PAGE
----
Chief Executive Officer of the Kuwait Livestock Trading & Transport (KLTTC) Company Engineer Osama Khalid Boudi in response to the claims made by an animal welfare group in Australia ‘Animals Australia’ said Australian sheep are being sold in a ‘notoriously cruel’ manner. They are tied up and shoved into car boots in 50 degree Celsius temperatures before being brutally slaughtered, reports Al-Rai daily.
Boudi stressed ‘the KLTTC is committed to the terms and conditions of the Australian government with regards to care provided to the imported Australian sheep distributed at all markets (1,200 million sheep annually) of which 700,000 are supplied to the Kuwaiti market and the remaining to other Gulf States. Boudi added, the Company is committed to the Australian government conditions of Exporter Supply Chain Assurance Scheme (ESCAS) in terms of animal welfare, including the slaughter of sheep in approved slaughterhouses, kindness during transportation which is done in special vehicles and sheltering them at the company’s farms in Sulaibiya in line with international standards of health care and food.
According to the Daily Telegraph the Animals Australia has called on the Australian government to order the buyback of hundreds of live sheep exported to Kuwait after uncovering serious instances of animal cruelty and breaches of export laws. An estimated 500 merino sheep have arrived in Kuwait from New South Wales and other states in recent weeks for the annual Muslim Festival of the Sacrifice (Eid Al- Adha) in September. In keeping with tradition, animals involved in the festival are sacrificed before being shared among family, friends and neighbors and the poor and needy.
Animals Australia chief investigator Lyn White said the mistreatment of Australian sheep, including inhumane slaughter and torturous treatment in transit, had been comprehensively catalogued in Kuwait over recent years. Hidden camera footage captured last year shows sheep at the Al-Rai market in the capital, Kuwait City, being hobbled, thrown alive into the boot of cars in 50C-plus heat and being slaughtered in horrific conditions. Australian export laws mean Australian live exporters are responsible for the humane treatment of export animals from the time they leave our shores all the way through to their slaughter, the paper said. But Ms White said the cruelty had continued unabated, despite Animals Australia lodging six legal complaints with the government.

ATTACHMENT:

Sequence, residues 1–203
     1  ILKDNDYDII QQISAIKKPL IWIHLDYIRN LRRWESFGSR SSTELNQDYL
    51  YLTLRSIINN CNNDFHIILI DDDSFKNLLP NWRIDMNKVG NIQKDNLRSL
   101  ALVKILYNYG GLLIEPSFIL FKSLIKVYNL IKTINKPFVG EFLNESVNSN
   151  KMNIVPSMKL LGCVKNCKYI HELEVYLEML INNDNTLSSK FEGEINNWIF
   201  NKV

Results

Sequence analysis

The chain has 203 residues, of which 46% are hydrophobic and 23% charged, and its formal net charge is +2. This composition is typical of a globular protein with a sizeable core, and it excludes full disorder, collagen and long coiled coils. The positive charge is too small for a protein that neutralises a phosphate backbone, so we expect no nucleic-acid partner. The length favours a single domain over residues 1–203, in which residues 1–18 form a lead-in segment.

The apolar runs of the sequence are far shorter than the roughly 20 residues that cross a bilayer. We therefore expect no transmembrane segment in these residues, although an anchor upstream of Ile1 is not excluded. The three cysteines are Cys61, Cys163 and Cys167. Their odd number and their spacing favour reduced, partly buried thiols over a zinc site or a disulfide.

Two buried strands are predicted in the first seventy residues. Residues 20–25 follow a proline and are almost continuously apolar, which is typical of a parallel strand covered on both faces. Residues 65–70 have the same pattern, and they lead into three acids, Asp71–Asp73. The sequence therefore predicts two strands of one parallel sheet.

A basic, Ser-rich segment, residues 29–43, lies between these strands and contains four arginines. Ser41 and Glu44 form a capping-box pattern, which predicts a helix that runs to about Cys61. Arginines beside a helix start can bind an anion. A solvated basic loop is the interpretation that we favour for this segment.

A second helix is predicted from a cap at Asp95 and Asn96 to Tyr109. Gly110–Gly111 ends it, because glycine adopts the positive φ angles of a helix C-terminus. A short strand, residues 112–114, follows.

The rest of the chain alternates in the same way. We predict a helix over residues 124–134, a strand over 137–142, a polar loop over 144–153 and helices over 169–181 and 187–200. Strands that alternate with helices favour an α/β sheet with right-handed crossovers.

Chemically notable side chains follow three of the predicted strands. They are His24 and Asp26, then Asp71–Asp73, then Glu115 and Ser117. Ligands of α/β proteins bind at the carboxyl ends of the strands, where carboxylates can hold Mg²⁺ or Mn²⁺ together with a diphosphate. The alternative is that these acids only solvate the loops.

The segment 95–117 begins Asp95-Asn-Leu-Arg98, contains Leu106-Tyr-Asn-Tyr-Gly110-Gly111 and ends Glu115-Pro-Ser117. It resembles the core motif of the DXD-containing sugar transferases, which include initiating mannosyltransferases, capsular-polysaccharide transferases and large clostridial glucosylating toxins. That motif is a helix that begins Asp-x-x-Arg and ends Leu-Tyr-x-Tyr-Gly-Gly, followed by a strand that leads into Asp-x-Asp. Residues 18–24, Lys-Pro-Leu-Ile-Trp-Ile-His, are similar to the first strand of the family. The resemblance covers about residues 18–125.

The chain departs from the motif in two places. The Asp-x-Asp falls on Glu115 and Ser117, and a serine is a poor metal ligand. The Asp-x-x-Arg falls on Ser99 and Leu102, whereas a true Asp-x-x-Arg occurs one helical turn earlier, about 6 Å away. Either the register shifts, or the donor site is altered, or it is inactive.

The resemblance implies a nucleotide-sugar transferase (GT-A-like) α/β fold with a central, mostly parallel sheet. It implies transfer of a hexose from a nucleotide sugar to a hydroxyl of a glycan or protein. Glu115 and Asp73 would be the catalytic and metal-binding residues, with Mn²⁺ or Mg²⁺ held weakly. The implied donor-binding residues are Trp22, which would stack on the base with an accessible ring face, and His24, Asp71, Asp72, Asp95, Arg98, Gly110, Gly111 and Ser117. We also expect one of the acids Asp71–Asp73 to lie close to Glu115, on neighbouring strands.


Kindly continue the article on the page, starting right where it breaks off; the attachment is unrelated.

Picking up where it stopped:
“Minister Joyce simply cannot allow this situation to go unaddressed,” she said. “If he does, in two months’ time we will once again be standing there filming shocking abuse of Australian sheep.” Shatha Hamade, another Animals Australia investigator who last week visited the market at the centre of allegations, said the situation for animals at the site had clearly not improved. “The fundamental problem is there is no government presence in importing countries, so the illegal sale of animals outside the approved supply chain has continued,” she said. A Department of Agriculture spokeswoman said the department received a complaint from Animals Australia on July 15 about the issue.
“The allegations are currently being investigated,” she said. The department said ESCAS had been in place in Kuwait since March, 2012, with more than 2.2 million sheep exported to the country since then. Investigations concluded that it was “highly likely” that sheep exported under ESCAS arrangements had been taken from approved facilities and moved to the Al Rai market. Animals Australia last week found hundreds of Australian sheep, many still with their Australian ear tags in place, awaiting slaughter in unregistered Kuwaiti premises.
Ms Hamade said the government had the power to suspend live exporters’ licences or suspend the use of a particular abattoir or facility in the importing country, but that rarely happened. “The only action taken by the Department of Agriculture has been to apply conditions on the licence of the exporter,” she said. “Those conditions clearly don’t work and yet the government refuses to take stronger action that is readily available to it.” Ms White said the government needed to order exporters to buy the animals back from Kuwaiti merchants before the festival began. “There is only one reason why Australian sheep continue to be sold in this cruel market. It’s because exporters believe they carry a getout- of-jail-free card. They have no reason to fear breaking the law,” she said.
Meanwhile, police have arrested a Kuwaiti for mercilessly beating a sheep seller inside the Jleeb Al-Shuyoukh sheep market until the man fainted, reports Al-Shahed daily. A security source said when someone reported the incident to the Operations Room of the Ministry of Interior police rushed to the spot and took the man into custody. During initial interrogation the citizen said he went to purchase an ewe and the man sold him a lamb and he discovered this when he took the animal to the slaughterhouse. The victim has been admitted to the hospital and the citizen taken to the police station in the area.
Source: Arab Times